So, then, I abandoned SRS. For two weeks. I still studied Chinese, still spoke Chinese everyday, still did iTalki lessons, still (tried to) read the newspaper. I even still looked up words in Pleco and added them to lists.

I just didn’t study the lists. I didn’t do any flashcard reviews.

And what happened? I forgot everything and my Chinese atrophied to nothingness.

No, not really. Not much happened. My Chinese actually still probably improved. I still learned new words. Remembered some of them, even.

All that really happened was there was a couple of times, maybe three, maybe four. Four times, max, in two weeks, where I heard a word or came across a word in context where I felt like I know that word, but can’t remember what it is. Maybe if I had reviewed my flashcards I would’ve known those three or four words better.

Maybe not. Maybe I still would’ve struggled with them. It’s a toss up, really.

So, I’m getting off of SRS. Getting away from it, really.

Not entirely. It still has it’s use. One particular use case I’ve found, is to review words before and after a session. For example, I’ve noticed that if a review the vocab from a ChinesePod lesson, before listening to the lesson – I’m able to follow along with that whole particularly ChinesePod lesson much better than if I don’t.

So, yeah, SRS is useful in small limited doses.

But, SRS is not language learning.

(Also, see Hacking Chinese’s great post on this: If you think spaced repetition software is a panacea you are wrong)

BJJ Globetrotter by Christian Graugarrt

Headed to Copenhagen; Finally Read the Book

I like books.

When I travel to a new city, I always wind up popping into random bookstores I see along the road and look around. Even if the books are in another language and I can’t read a thing. It doesn’t matter. I still look through them.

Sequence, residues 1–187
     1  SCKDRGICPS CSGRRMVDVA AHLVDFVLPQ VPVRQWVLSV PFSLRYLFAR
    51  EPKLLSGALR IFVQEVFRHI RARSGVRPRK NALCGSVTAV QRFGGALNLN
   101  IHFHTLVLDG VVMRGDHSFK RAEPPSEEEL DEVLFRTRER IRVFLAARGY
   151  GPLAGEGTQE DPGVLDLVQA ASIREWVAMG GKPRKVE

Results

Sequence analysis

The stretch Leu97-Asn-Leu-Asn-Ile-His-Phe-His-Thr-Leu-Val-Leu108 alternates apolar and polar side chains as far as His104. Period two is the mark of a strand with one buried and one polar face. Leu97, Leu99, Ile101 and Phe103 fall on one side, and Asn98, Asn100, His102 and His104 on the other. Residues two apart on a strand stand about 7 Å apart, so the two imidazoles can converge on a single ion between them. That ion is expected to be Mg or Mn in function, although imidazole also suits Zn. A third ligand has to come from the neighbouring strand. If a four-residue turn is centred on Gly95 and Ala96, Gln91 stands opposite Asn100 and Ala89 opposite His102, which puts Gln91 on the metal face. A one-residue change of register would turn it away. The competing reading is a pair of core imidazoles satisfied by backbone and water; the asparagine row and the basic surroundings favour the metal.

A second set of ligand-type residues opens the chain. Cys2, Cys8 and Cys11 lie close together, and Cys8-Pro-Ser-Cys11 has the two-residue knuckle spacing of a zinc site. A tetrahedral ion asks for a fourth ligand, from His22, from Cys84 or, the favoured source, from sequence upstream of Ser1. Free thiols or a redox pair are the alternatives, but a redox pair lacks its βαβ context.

I also take note of interesting books and add them to my Amazon Wishlist. To come back and read some day. The number of books on that list just keeps growing. And growing.

I will never read all of them. Lots of interesting books.

I don’t really carry physical copies of books around with me anymore. Its a lot easier to just carry a Kindle. 50 books in my pocket.

One of those books is ‘The Brazilian Jiu Jitsu Globetrotter’ by Christian Graugart. It had been on my Wishlist ever since Masa first told me about Christian and his trip well over a year and half ago. Before I even knew much about Brazilian Jiu Jitsu (BJJ).

BJJ Globetrotter by Christian Graugarrt

This one

But, I never bought it. I thought I had. I looked through my Kindle, but it wasn’t there.

I had read a few travel memoirs before and the idea of traveling and training at various Brazilian Jiu Jitsu gyms was interesting to me.

In fact, I even started doing it myself. I started training BJJ in September 2013 when I was in Taiwan. Since then I’ve trained in 10 different gyms in 7 different countries.

I joined Graugart’s BJJ Globetrotters team when I first heard about it, and I’ve even used it to find places to train at while I travel.

But, I still hadn’t read his book. It just sat there on my Wishlist: one of those things “I really should read one of these days” along with the many other books on that list. They pile up like documentaries in a Netflix queue.

Flight ticket frustrations and change of plans

Last month, after a couple of weeks of surviving solely on espresso shots and Pastels de Nata, and in between blowing up eggs in the hostel’s microwave (true story), I got paid for a project and decided to sit down and figure out my travel plans. I could buy my flight tickets and finally get back to Texas for the holidays, after two and a half years of not stepping foot in my home state.

Pastel de Nata

Everyday in Portugal

My original plan was to go from Portugal to Ireland, spend about a month in Dublin working and training BJJ and then fly back to Austin. The reason I had this plan was because I thought the flights from Dublin to Austin were fairly inexpensive.

They weren’t.

All the prices that were being shown were lies. Completely untrue. No matter the flight aggregate site: Momondo, Skyscanner, Kayak. They were all lying to me about the price of this ticket. It looked fairly inexpensive, but every time I went to buy it, it jumped up 250 Euro (about $300) from the advertised price. I eventually figured out why. The airline was pushing half the price of a roundtrip ticket to these aggregate sites, rather than the true price of a one-way. So, the prices that were being shown were prices that didn’t actually exist. I’m not paying this much. I refuse.

I start looking for cheaper alternatives. I still wanted to get to Texas for the holidays, but now I didn’t know how. It took almost a whole day of searching and playing around with alternative routes, but then I stumbled on fairly cheap flights being offered by Norwegian Airlines.

Extended layovers: one of my favorite travel tricks